Mmm, I love hot chocolate. Especially on a cold winter day. But we’re not the only ones to enjoy these warm treats, the Mayans and the Aztecs drink hot chocolate too!
The Mayans first developed hot chocolate and called it Xocolatl. It was cultivated as early as 900 AD in Mesoamerica. The Mayans, and later the Aztecs, made a beverage from the beans of the cocoa pods. This was used for a drink but it was also used in rituals and healing practices. Xocolatl was bitter because it was made without the sugar we are used to having today. Xocolatl actually means ‘bitter water.’ The Mayans didn’t have sugar but they made xocolatl by crushing cocoa beans, adding chili peppers and water. Before serving, they would rapidly pour it from one cup into another until a frothy foam formed on the top, much like some of today’s drinks.
The Mayans believed that xocolatl was a gift from the gods and should be shared with the people. Anyone was allowed to drink xocolatl, regardless of their social standing. The Mayans consumed xocolatl on a daily basis (*cough*like coffee*cough*). That changed drastically when the Mayan civilization gave way to the Aztecs. The Aztec people didn’t grow their own cocoa beans and had to trade for the beans. Therefore, they placed a higher value on the xocolatl drink. Only the very wealthy, the royalty, and the high priests could afford to drink it. In fact, the beverage was so valued that it was served in goblets made of gold that were discarded after just one use. Talk about a waste.
Neighboring civilizations established trade with the Mayans for the precious cocoa beans. After this, the beans eventually became a form of currency for the Mayans. When the Aztecs conquered the Mayans, they forced the Mayans to pay high taxes to them in the form of cocoa beans. The valuable beans were kept under lock and key. I’m sure they had cops and robbers.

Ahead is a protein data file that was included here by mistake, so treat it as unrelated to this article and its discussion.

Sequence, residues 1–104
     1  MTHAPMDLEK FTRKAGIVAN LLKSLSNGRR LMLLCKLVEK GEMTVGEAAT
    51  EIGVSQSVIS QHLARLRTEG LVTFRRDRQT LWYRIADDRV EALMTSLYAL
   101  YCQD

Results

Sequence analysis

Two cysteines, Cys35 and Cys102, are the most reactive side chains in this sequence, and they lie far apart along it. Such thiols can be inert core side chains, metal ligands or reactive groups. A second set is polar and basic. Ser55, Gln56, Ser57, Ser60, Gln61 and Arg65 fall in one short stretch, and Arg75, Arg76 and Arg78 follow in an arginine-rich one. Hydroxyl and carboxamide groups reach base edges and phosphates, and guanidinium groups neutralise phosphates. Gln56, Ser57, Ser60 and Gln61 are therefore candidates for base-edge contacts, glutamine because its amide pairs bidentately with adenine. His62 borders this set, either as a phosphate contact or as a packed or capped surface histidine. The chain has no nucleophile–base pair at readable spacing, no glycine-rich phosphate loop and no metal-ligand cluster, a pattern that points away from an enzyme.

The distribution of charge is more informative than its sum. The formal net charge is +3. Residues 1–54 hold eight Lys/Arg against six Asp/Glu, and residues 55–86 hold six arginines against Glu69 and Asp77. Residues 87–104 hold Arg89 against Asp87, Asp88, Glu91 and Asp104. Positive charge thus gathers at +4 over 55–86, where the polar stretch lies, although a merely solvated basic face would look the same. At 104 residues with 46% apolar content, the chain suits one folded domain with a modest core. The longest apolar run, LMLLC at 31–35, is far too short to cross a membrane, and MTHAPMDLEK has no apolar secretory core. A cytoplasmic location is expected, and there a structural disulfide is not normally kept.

Both the Mayan and the Aztec used xocolatl in rituals. The drink was thought to have the power to alter the brain and open the mind to the spirit world. The festival honoring Ek Chuah, the Mayan cacao god, was an annual event that included offerings of cocoa beans, blood sacrifices, ritual dancing, and more. Similarly, the Aztecs had a yearly cocoa festival, held at their capital, Tenochtitlan. This included the sacrifice of a warrior from an enemy tribe as a way to honor the god who gifted mortals with the cocoa bean. They were intense when it came to cocoa.
The Spanish conquistadors who invaded Mesoamerica and defeated the Aztec empire were introduced to the xocolatl beverage but were unimpressed. They found the drink to be bitter and nearly unpalatable. They couldn’t even say the name! They hesitated to even bring the cocoa beans back to Europe with them. They changed the name to xocolate, and later to chocolate. Eventually, the Spanish monks found that they could make the drink more pleasant by adding sugar to it, giving us the sweetened chocolate that we all drink and love today.